I'm pretty sure you have never driven any 356 Porsche spiritedly for you to think they had much in common with fiberglass replica. To call this a "gussied up bathtub VW" would be like calling the Bullitt 390 Mustang a "gussied up Falcon". By 1958, a T-2 Porsche probably shared 50-100 parts with VW's. Of perhaps 5000 parts.
All of this only serves to undermine the classic-car industry. More and more stories surface constantly about high-priced, misrepresented cars. It will get to the point that people will just give up on all of this madness.
I've always been involved with Corvettes. One of the most popular and valuable years for them is 1967. There were 22,940 total cars made for that model year. But I would swear I have seen 22,940 1967 Corvettes with the optional 427/435 HP engine at Barrett-Jackson and Mecum.
I've never had it happen to me but I cannot even imagine the sinking feeling a buyer must get after he spends big money for a rare and desirable car only to find out later on that it's NOT what it was claimed to be.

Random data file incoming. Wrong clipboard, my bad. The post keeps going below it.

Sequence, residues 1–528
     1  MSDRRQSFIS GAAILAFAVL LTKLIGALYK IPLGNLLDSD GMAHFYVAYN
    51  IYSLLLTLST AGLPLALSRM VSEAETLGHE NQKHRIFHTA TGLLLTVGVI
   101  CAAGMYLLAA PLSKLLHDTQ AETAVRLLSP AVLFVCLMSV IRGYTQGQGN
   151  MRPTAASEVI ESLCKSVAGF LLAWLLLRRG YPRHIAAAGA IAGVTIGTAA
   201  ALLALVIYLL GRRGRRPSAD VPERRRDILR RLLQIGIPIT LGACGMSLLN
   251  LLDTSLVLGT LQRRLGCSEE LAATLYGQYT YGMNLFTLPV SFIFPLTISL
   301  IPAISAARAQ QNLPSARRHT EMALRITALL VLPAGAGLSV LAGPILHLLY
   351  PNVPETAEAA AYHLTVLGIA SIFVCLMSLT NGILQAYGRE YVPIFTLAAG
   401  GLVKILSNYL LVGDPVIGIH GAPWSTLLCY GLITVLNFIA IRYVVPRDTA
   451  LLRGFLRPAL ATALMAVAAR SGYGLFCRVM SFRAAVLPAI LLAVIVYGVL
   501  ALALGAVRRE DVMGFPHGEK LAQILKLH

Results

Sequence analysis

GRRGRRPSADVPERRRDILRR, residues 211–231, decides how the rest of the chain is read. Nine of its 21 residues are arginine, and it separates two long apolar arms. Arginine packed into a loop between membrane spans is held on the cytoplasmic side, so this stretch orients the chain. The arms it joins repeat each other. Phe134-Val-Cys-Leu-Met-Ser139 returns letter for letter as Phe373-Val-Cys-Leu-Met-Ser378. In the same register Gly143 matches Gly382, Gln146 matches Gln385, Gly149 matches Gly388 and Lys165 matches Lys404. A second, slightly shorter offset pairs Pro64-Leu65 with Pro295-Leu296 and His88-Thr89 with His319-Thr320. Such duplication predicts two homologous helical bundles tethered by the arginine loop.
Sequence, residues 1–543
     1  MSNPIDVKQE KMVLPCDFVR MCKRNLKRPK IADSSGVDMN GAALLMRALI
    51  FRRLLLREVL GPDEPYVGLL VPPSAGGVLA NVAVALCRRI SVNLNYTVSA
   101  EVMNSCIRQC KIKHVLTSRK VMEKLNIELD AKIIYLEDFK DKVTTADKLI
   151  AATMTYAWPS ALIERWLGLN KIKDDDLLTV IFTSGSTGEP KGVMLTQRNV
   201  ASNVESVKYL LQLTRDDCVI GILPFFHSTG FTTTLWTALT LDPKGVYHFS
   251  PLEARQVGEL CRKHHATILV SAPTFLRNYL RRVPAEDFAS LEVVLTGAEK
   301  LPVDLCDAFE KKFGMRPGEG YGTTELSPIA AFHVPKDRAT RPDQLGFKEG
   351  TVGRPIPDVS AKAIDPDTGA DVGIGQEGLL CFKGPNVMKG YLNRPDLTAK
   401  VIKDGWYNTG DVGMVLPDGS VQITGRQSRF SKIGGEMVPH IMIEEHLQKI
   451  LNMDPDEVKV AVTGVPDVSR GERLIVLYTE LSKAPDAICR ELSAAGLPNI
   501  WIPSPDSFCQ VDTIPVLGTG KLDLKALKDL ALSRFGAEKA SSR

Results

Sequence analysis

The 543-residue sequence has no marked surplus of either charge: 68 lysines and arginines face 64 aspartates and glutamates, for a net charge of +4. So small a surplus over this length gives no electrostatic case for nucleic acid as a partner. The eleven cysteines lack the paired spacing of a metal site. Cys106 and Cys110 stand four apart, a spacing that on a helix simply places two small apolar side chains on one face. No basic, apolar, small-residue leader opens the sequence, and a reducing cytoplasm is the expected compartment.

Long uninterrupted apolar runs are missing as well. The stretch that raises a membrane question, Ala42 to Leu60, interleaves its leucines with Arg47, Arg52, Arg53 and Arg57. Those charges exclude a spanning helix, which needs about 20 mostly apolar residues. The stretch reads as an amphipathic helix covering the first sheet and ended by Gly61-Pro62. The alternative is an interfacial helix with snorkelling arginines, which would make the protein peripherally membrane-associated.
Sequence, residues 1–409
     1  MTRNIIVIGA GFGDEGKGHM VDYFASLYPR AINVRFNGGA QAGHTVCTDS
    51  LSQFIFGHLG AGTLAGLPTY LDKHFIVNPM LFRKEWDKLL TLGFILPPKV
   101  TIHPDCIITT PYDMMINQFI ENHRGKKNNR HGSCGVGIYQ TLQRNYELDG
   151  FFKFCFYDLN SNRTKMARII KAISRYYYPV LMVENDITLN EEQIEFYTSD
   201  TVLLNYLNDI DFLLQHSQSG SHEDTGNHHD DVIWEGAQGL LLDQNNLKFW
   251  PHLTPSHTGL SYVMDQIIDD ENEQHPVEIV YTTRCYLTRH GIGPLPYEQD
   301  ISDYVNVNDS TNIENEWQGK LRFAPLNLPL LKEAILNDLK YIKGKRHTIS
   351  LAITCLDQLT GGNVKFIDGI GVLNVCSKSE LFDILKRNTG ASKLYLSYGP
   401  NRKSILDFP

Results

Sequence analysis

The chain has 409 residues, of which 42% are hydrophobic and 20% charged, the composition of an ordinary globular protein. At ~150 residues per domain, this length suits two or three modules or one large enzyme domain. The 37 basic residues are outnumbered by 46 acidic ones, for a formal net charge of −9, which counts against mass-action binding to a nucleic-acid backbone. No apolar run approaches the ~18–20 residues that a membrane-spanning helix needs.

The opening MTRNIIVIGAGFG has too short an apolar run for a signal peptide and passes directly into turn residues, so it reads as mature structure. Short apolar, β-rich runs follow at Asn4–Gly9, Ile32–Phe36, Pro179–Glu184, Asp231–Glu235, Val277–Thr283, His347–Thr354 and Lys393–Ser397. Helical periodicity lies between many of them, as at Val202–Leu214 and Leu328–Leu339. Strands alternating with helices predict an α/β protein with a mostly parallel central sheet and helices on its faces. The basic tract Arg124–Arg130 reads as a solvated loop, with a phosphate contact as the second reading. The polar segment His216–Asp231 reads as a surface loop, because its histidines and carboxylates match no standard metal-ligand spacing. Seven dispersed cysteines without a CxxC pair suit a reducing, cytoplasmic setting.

People like that probably never recover from it and probably never jump in the water again. You know there is a Muscle Car explosion going on right now with new cars. So, it would be easy for a lot of those who got burned to switch and never look back.
When Porsche built these cars it was a real "hobby shop". They had precious few records and even fewer kept. Now about the most one can get is a "Kardex" from Porsche, possibly some records from Reutter (the body/ chassis builder). The very best information/ provenance about these cars is held by a few restoration people. Mostly US people, perhaps a couple in Mexico, Argentina and Europe. The 4 cam cars were essentially all race cars and they have been used up/ crashed/ discarded for 50 years now.
Minor correction: Carrera GT's do not have aluminum bodies. they have aluminum hoods, doors, and engine lids.
America Roadsters and Gmund coupes and Spyders have aluminum bodies. Genuine 356A GTs have a few subtle features that might get past a cursory inspection.
Does being the infamous "Seinfeld Fake" now give this particular car a value bump despite it's shady history?
We haven't been told what actually makes it suspicious. Might be something future auctions just gloss over "there are some concerns around the authenticity of this car, but it is so beautiful one just has to forgive it and make a bid anyways".
I say a rich person with no intentions to drive it sees this as the perfect living room discussion piece, next to their live edge oak Kramer head.